BANDCAMP STREAM + PURCHASE Infinite Third – Electronicalm
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Infinite Third
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TheSirensSound: Fabrizio Paterlini

Fabrizio Paterlini  Profile

< < < < < [ FABRIZIO PATERLINI ] > > > > >

Biography

It is fitting that composer and pianist Fabrizio Paterlini was born and lives in the ancient northern Italian city of Mantua. A romantic and historically significant centre of musical and artistic excellence, the city’s elegance and cultural depth permeate Paterlini’s exquisite original solo piano compositions. Yet despite Mantua’s unavoidable influence in informing the composer’s work, his cinematic music is far from localized, or even recognizably Italian, instead tapping directly into universal human emotions.

Listeners and critics alike are torn as to how best label Paterlini’s beautiful sound. Neo-classical, Ambient, Minimalist and New Age have all been considered, but it is more pertinent to note some of the adjectives regularly used in appreciation of his sonic palette. Ethereal, soulful, lush, emotive, dreamy, delicate and, tellingly, passionate, all appear with unerring frequency. The composer himself describes his work as “like a glass of red wine on a summer evening,” in awareness of the calming effect of his reflective melodies on the listener.

Paterlini began playing piano at six-years-old. From the first moment he stroked the keys his life irrevocably changed, music becoming “a choice made every day…explored in all its aspects.” And so music and his life’s path became, and remain, inextricably linked; while he progresses as a musician and composer, so his development as a human being runs parallel. Formal study in his chosen artistic endeavour came with five years at Campiani’s Academy, Mantua’s Academy of Arts, from where he graduated in Music Theory.

The 1990s saw Paterlini extensively cutting his teeth as a gigging musician by performing rock classics, pop and jazz in local bands. While playing with these outfits he began to compose music, at this stage principally material of a progressive rock persuasion. As the decade and century drew to a close Paterlini reached an important decision, being to concentrate exclusively on the piano – the instrument that, in his own words, “best expresses his inner world.” Yet it was not until 2006 that he began composing music for solo piano.

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Christmas and new years-eve are getting closer – is there any better way to end the year than having a new fresh track to download for free? So let me introduce to you “Kepler”, a track i’ve been composing last summer, which is quite different from the rest of my production, but it surely will help you understanding in which direction I am going to my music (and probably will also let you better understand the new album when it will be released in 2015!) – the song is free to download and (as usual) I count on you for sharing it!

Next year will bring a new album (as just said) and, hopefully some gigs around the world. I’ll keep you posted, as usual! So I wish everyone of you a great holiday time, may you spend good days with your beloved ones, listening to good music and drinking some good (italian) red wine! We’ll talk again in 2015! ___[ Fabrizio ].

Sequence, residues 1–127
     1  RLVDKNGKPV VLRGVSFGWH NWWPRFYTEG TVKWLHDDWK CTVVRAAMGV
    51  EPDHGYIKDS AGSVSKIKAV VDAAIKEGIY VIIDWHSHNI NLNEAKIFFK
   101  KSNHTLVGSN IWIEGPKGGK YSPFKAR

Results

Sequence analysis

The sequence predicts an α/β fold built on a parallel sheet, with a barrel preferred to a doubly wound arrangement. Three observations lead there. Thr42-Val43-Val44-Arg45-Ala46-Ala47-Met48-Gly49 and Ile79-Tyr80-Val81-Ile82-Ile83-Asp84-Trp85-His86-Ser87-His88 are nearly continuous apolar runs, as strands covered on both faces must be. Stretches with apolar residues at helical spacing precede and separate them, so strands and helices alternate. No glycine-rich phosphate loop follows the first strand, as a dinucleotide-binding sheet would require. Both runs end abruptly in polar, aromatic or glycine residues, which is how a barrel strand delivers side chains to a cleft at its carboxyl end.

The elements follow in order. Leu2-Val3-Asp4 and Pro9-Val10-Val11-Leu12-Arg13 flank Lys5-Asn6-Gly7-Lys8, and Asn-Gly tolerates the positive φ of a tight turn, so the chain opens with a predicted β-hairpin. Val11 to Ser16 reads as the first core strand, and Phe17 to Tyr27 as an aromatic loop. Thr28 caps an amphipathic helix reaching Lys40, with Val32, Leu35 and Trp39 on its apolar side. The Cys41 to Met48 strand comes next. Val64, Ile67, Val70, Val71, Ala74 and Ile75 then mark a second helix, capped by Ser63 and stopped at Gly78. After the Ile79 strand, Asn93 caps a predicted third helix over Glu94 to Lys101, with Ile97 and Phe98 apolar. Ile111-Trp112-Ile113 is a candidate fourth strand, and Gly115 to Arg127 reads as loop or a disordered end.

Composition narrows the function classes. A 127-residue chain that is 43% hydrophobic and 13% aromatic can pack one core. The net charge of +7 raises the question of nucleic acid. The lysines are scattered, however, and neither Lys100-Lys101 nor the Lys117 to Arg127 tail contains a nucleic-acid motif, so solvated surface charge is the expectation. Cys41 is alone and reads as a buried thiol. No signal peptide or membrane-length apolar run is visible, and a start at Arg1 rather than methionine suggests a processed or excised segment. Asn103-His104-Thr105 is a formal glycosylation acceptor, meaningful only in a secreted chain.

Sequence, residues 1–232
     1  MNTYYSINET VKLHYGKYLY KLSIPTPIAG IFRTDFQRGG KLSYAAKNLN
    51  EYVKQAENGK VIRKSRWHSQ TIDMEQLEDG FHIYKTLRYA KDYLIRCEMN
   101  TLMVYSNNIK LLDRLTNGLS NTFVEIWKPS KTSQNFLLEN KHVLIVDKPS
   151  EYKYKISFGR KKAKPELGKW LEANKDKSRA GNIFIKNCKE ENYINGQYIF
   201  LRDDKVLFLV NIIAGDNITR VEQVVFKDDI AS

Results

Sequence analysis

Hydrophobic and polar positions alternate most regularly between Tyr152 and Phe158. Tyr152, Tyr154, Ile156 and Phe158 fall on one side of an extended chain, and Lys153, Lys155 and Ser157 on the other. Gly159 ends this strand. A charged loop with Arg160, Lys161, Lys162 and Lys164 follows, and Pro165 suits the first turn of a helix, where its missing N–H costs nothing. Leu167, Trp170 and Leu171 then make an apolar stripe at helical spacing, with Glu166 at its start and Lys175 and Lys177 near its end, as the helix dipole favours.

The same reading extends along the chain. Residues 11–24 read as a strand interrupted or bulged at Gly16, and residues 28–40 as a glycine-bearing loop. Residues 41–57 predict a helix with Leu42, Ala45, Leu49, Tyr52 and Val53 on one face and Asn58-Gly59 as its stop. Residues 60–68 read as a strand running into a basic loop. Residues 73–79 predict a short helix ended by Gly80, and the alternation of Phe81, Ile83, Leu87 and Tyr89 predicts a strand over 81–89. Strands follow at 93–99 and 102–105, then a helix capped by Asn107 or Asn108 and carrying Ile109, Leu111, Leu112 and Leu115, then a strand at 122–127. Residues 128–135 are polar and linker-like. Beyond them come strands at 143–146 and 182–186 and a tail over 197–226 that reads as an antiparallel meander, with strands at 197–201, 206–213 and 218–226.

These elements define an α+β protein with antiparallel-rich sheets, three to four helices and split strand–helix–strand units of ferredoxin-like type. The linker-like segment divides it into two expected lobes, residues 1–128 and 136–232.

< < < < < [ [ .COM ] | [ SOUNDCLOUD ] | [ FACEBOOK ] ]. > > > > >
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Fabrizio Paterlini  - The Art of the Piano

Artist – Fabrizio Paterlini
Album – The Art of the Piano [ * * * * * ]
Release Date – 2014
Genre – Instrumental, Piano, Minimalism, Solo Piano [ STUNNING AS USUAL ]

Tracklist

1. Somehow familiar 03:39
2. Midsummer tiny song 03:42
3. My piano, the clouds 02:46
4. Empty room 03:17
5. Conversation with myself 03:41
6. Broken 03:47
7. If melancholy were music 02:49
8. Wind song 02:28
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Fabrizio Paterlini – The Art of the Piano
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Fabrizio Paterlini  - Now

Artist – Fabrizio Paterlini
Album – Now [ * * * * * ]
Release Date – 2013
Genre – Instrumental, Piano, Minimalism, Solo Piano [ STUNNING AS USUAL ]

Tracklist

01. After the rain there will always be the sun 03:01
02. Not from the past, not for the future 03:23
03. Summer nights 01:55
04. Darkness is not the opposite of light 02:24
05. Iceland 02:31
06. My perfect time 02:40
07. Silent eyes 03:08
08. Unrequited #4 02:31
09. Harmattan 02:44
10. Behind the sky 03:13
11. Finale 02:56
12. There’s a light we might see (DIGIPACK only)
13. You are not alone (DIGIPACK only)
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Fabrizio Paterlini – Now
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Artist – Fabrizio Paterlini
Album – Autumn Stories
Release Date – 2012
Genre – Instrumental, Piano, Minimalism, Solo Piano [ STUNNING STUNNING SOUND ]

Tracklist

01. Week #1 02:20
02. Week #2 02:20
03. Week #3 02:22
04. Week #4 03:02
05. Week #5 03:37
06. Week #6 03:45
07. Week #7 02:32
08. Week #8 04:54
09. Week #9 03:31
10. Week #10 02:13
11. Week #11 03:30
12. Week #12 02:34
13. Week #13 03:11
14. Week #14 02:57
15. Week #5 – Piano solo (CD only)
16. Week #7 – Piano solo (CD only)
17. Week #14 – Piano solo (CD only)
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FREE DOWNLOAD Fabrizio Paterlini – Autumn Stories